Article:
The Mogao Grottoes, located in northwest China’s Gansu province, are among the most visited sites along the Ancient Silk Road. But their growing popularity over the years has led to a surge in tourism, presenting a tough challenge in making sure the 1,600-year-old site is protected.
Authorities in charge of protecting the site have recently adopted new measures to ensure the area’s beauty will be around for generations to come.
It is November in the city of Dunhuang when the chill of winter slowly starts to set it. On the west end of the Gansu Passage, is a scenic spot that receives more than 500 visitors every day.
Since August, visitors have been able to book tickets online to visit the site, which led to a flood of admissions.
“It’s quite convenient to book my ticket on the Internet. One can prepare for the visit beforehand,” said a visitor.
Another change is that after entering the scenic zone, visitors are asked to watch a film about the site’s history before they begin their tours in the caves.
“It turns out 97 percent of the visitors respond positively with the integration of watching digital film and visiting actual grotto,” said Li Ping, Dunhuang Research Academy.
The mandatory film puts an extra 60 yuan on the ticket price, and the time one can spend in the historic grotto is limited to 75 minutes. The theater has received more than 240,000 visitors since opening.
“It is understandable that the visiting time should be limited as it may damage the historic frescos with so many people pouring in and out,” said a visitor.
The grotto has a history of more than 1,600 years. In 1987, it was listed as a World Cultural Heritage by UNESCO.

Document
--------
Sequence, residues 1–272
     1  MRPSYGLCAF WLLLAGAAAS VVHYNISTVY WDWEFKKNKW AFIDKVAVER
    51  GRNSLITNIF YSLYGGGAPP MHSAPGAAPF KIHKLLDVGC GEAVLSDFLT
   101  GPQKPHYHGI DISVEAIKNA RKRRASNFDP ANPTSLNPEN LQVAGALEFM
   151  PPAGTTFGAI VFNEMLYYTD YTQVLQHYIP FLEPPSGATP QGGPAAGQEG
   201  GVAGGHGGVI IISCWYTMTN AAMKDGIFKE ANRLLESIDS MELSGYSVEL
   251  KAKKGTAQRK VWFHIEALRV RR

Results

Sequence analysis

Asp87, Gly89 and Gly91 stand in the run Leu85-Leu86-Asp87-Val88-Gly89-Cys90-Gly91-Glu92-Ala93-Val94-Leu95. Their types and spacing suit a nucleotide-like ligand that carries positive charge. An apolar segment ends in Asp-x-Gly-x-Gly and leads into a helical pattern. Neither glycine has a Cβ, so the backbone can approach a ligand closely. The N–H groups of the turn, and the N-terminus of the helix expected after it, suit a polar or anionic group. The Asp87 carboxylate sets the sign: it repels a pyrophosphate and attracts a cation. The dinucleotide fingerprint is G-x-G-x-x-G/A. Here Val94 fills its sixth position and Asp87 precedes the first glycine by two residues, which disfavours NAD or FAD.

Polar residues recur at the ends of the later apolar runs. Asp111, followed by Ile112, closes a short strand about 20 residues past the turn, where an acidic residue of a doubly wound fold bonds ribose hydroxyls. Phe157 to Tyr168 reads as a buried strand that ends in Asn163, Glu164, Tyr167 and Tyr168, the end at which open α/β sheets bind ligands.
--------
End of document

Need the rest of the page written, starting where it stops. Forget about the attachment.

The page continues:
Thanks to the area’s dry weather and steady temperatures in the caves, the statues and frescos have been kept intact. But the surge of tourists in recent years has taken its toll. The zone receives more than 7,000 visitors every day in the summer season and even more during the National Holiday.
“During the National Holiday, we see some 20,000 visitors every day. The line could wind all along here, just for seeing one cave. They joke that one can see far more people than Buddha. When the crowds get in the cave there’s only a small entrance, it is hard to breath and the air is smelly,” said Chen Jin, a guide.
The exploding number of tourists have had an irreversible impact on the frescos.
“When Marc Stein stole the frescos in 1908, he took photos. We compare the photo with the frescos now and see a big difference. We are very worried as it has degraded so much,” said Fan Jinshi, Director of Gunhuang Research Academy.
“When humidity passes over 62.5 percent, the salt crystals will dissolve and cause the frescos swell and fade,” said Wang Xiaowei, an official with the State Administration of Cultural Heritage.
Keeping the site’s beauty intact for future generations to enjoy remains a tough task for the city.